14 November 2017

Introducing: Central PhD Candidates Platform

In order to look after the interests of all PhD candidates at UM, apart from the faculty they belong to, the Central PhD Candidates Platform was launched this year. Six PhD candidates are strongly committed to this for the common interest. In practice, it is mainly about exchanging good ideas, but the platform also provides solicited and unsolicited advice to the Executive Board—for example, about the minimum duration of a PhD programme (four years if it is up to the platform) and the status of PhD candidates (as employees, not students). A conversation with two members of the platform: Constantijn van Aartsen (law) and Christine Resch (psychology).

Within UM’s six faculties, so-called PhD representatives have been active for a long time, but a university-wide representative body for issues important to PhD candidates had not yet existed. Well, there is the PhD Academy, for the social life of PhD candidates. “But we couldn’t address substantive issues directly with the Executive Board until this year; that went, for example, through the dean of your faculty”, says Constantijn van Aartsen. His colleague Christine Resch adds, “And there was no substantive exchange with colleagues from other faculties, so we, the current six members of the platform, immediately saw the usefulness of this platform when we heard about it.”

Workload of PhD candidates
The platform was officially launched in April 2017, and the group meets about four times a year. At this moment, the six members are making an inventory of which cases deserve their attention the most. The workload among PhD candidates is already on the list. Alarm is raised regularly about the psychological health of PhD candidates, who on average are more at risk. So far, there has not been a Dutch study confirming this, but the platform, based on practical experience, does not have the impression that it would be different at Maastricht University. How do you best handle this as a university? A confidential advisor? Perhaps a psychologist specifically for PhD candidates? The main purpose of the platform is to give a voice to PhD candidates, so that the problems are heard at the administrative level. And it also maintains contacts with the PhD candidates Network of the Netherlands (PNN), which aims to have a national study on the psychological well-being of PhD candidates.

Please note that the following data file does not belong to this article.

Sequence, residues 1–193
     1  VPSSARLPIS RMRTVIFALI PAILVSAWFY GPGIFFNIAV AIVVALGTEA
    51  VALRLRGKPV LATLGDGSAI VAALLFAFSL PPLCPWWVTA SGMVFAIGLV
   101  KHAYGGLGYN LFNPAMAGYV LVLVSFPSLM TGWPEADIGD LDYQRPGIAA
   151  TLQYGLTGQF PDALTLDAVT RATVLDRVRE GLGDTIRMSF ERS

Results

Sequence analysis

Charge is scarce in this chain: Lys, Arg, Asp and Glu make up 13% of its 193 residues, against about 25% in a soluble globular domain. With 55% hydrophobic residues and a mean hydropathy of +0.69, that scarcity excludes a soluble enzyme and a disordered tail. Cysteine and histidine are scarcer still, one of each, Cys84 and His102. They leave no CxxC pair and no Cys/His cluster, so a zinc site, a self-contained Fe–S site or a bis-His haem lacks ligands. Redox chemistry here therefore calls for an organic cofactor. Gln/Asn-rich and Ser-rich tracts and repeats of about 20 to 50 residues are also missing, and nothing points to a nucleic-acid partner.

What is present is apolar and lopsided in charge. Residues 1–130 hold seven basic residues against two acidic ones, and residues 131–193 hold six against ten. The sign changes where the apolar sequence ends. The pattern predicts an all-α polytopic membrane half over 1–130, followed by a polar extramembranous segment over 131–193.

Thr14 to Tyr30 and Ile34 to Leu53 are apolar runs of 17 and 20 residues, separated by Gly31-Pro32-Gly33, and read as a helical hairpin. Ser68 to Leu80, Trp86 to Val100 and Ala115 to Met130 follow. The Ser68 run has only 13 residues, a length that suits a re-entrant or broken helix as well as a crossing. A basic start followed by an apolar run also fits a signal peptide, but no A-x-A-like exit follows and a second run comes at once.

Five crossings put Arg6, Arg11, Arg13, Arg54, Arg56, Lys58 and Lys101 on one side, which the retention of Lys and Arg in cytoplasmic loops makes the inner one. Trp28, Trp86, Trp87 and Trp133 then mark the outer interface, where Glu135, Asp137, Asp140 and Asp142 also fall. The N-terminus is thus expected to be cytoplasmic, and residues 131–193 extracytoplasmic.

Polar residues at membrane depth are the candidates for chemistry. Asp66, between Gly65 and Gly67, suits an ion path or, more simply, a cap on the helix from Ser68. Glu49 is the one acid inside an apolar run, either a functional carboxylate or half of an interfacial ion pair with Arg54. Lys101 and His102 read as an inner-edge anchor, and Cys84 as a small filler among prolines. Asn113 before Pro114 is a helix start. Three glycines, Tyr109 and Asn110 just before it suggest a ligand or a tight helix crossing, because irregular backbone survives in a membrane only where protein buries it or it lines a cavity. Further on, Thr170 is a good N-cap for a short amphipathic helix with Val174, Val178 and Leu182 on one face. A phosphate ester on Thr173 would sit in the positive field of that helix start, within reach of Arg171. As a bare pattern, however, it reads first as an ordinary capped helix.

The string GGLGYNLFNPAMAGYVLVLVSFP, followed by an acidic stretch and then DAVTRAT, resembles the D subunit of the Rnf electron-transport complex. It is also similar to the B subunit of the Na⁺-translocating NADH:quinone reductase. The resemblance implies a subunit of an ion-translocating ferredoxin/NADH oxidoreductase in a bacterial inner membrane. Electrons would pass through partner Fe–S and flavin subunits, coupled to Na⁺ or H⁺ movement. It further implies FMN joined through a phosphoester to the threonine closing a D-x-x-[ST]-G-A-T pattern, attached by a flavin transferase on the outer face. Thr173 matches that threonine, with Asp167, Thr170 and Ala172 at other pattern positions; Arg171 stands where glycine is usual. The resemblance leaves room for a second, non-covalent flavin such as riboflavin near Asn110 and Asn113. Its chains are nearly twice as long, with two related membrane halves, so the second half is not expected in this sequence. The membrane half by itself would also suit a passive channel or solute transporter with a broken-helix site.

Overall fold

Providing information
In addition, the platform aims to ensure that all PhD candidates—from the beginning of their programme—know how the university is set up organisationally, how they can be involved in policy issues, and where they can go to get other questions answered. Van Aartsen: “The provision of information about this is still very different per faculty.” Resch: “For example, about their own development opportunities as a teacher through a University Teaching Qualification that they can get, among other things.”

The six members of the platform are happy to do the work, in addition to their own PhD programme. Resch: “We’re all keen to be involved and care about clarity.” Van Aartsen: “Our goals aren’t yet formalised on paper, so our own ambitions determine the limits of our ability to get things done. It’s just a matter of meeting and getting to know each other first.”

PhD candidates who want to bring an issue to the attention of the platform can send an email